Nicaragua Labor Market

Formal unemployment is low in Nicaragua but a large proportion of the working population are underemployed and many lack formal employment. Unemployment and poverty cause many people to go abroad, mainly to Costa Rica and the United States, in order to support themselves.

According to the law, all employees, except military and police, have the right to form trade unions, to negotiate collectively and to strike. However, the strikes must be approved by the Ministry of Labor, which can take up to six months. Legal strikes are therefore unusual. It has happened that unions that do not support the Sandlinist Party FSLN have been denied strike rights.

The data on the proportion of the labor force that is unionized varies between 5 and 14 percent. But whatever the number, the union has fewer members today than in the 1990s. One explanation is that many workers are now employed in the maquilas assembly plants, where those who engage in trade unionism risk losing their jobs and being blacklisted. The majority of maquila employees are young women, who are often forced to work unpaid overtime and harassed by supervisors.

The largest unions in the country are the Frente Nacional de los Trabajadores (FNT) and the Central Sandinista de Trabajadores (CST), both of which are linked to the sandini government and which organize about 100,000 workers.

  • COUNTRYAAH: List of key population facts of Nicaragua, covering most basic population data, religion statistics, and language profiles.

Nicaragua Population

The Sandinists have, since regaining power in 2007, strengthened their control over the state institutions. According to human rights organizations and independent trade unions, thousands of public servants have been laid off, partly because they did not want to participate in demonstrations for FSLN or because they did not want to. In addition, at least 150 public sector unions have been forcibly dissolved after expressing criticism of the FSLN. Individual organizations and former government employees claim that FSLN unions recruit new members through intimidation and coercion.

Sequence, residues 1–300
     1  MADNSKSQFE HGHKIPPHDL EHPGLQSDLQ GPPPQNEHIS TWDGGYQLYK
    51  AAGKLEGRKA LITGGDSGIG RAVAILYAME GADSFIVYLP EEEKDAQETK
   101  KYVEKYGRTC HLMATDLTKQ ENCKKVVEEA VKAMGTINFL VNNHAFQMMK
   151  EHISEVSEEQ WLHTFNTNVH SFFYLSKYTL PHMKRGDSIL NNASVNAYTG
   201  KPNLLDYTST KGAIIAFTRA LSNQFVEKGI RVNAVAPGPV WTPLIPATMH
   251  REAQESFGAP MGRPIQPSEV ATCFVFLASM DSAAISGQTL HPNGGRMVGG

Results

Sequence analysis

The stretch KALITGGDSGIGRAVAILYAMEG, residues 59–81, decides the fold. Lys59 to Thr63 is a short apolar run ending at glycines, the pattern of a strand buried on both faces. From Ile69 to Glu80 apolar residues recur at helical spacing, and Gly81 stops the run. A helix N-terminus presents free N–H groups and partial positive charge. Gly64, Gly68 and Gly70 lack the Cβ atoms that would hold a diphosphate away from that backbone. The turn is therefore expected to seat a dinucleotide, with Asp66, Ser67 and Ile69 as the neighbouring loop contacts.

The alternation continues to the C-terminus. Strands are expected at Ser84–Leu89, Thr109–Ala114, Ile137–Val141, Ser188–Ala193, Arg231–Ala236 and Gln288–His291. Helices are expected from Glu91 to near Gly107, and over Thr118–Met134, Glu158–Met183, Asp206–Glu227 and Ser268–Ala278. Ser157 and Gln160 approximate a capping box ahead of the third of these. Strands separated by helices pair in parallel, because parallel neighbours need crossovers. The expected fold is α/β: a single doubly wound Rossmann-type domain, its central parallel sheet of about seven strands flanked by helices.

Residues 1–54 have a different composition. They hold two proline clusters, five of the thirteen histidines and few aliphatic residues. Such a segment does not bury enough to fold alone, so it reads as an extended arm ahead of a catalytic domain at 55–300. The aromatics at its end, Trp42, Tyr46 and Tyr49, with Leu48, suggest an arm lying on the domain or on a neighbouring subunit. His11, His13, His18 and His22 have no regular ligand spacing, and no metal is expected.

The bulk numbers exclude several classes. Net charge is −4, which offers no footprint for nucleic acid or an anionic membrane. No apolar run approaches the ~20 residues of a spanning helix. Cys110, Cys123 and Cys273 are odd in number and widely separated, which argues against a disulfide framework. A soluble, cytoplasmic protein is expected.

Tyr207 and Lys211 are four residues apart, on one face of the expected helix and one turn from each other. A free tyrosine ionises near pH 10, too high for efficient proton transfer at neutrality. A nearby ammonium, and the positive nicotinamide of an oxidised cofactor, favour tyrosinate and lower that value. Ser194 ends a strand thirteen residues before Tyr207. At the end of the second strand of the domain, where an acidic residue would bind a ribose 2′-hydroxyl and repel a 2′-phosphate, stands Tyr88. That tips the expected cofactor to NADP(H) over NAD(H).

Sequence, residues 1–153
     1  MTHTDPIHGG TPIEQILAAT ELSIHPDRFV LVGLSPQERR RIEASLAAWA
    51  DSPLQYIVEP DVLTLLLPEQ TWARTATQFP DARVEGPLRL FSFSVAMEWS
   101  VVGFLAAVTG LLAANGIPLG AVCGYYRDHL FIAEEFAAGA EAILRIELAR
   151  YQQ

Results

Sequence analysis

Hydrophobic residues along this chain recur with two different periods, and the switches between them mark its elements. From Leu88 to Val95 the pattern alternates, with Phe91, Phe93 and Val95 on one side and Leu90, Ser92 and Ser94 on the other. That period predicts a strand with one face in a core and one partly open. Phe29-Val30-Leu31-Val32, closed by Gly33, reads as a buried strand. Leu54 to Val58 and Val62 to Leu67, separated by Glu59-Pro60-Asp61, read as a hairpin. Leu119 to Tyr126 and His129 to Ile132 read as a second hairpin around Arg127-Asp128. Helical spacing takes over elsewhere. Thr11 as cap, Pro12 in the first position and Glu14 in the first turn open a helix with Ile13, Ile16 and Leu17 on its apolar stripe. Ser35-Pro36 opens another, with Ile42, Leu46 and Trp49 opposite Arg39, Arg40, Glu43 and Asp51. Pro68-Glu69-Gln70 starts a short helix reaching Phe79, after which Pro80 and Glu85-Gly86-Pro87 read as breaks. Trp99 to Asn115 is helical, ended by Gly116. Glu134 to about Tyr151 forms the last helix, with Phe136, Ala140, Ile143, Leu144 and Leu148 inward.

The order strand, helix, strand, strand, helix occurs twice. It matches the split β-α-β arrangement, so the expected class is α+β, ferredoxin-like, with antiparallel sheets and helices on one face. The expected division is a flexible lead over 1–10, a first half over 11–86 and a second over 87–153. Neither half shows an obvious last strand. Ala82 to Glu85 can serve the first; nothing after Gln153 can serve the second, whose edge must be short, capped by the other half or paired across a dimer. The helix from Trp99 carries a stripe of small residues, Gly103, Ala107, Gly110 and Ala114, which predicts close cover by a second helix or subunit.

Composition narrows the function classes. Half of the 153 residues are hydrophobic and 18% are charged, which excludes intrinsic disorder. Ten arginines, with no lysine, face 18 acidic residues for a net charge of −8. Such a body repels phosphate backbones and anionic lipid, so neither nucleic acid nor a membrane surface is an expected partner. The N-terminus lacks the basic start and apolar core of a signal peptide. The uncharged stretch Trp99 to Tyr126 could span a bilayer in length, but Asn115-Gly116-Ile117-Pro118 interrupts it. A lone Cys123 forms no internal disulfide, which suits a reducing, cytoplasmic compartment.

In 2013, the Fedetrasep Nicaragua union reported to the ILO with accusations that the government violated several of the labor law agreements signed by the country and that the Nicaraguan state had failed to pay about $ 28 million in social security contributions for former employees. According to Fedetrasep, the government has laid off about 28,000 civil servants since 2007.

There are different levels of minimum wages, the lowest being in agriculture and the maquila sector. Minimum wages were increased by between 12 and 13 percent in 2012, but several voluntary organizations said that the wage increases did not cover the members’ rising living expenses. In addition, not all companies respect the minimum wages, especially the composition factories.

Child labor is widespread. An estimated eight percent of all children between the ages of 5 and 14 work regularly. Most of them do unpaid work in agriculture or at home. Children also work in the informal sector as shoe polishers, street vendors and more.



4.9 percent (2019)

Youth Unemployment

9.2 percent (2019)



Violence in municipal elections

November 6

At least eight people are killed and eleven injured in violence in connection with local elections. One member of the right-wing PLC working as an electoral justice is shot dead in the north, and two members of the small party Citizens for Freedom are also killed in the country’s northern parts. Five members of the Yatama Party, representing indigenous peoples, are killed on the Caribbean coast. According to the electoral authority, the ruling party FSLN wins with a total of 68 percent of the vote, giving victory in 135 of 153 municipalities. PLC comes in second place with 16 percent.


Ortega begins new term of office

January 10

Ortega swears the oath and formally takes up his third term on the rake, this time with his wife Rosario Murillo as its vice president. The ceremony is attended by a North Korean delegation and Taiwan’s President Tsai Ing-Wen, Bolivia’s President Evo Morales and El Salvador’s President Salvador Sánchez Cerén. None of the other Central American presidents are present, a clear sign of Ortega’s poor relations with regional leaders.

Nicaragua Labor Market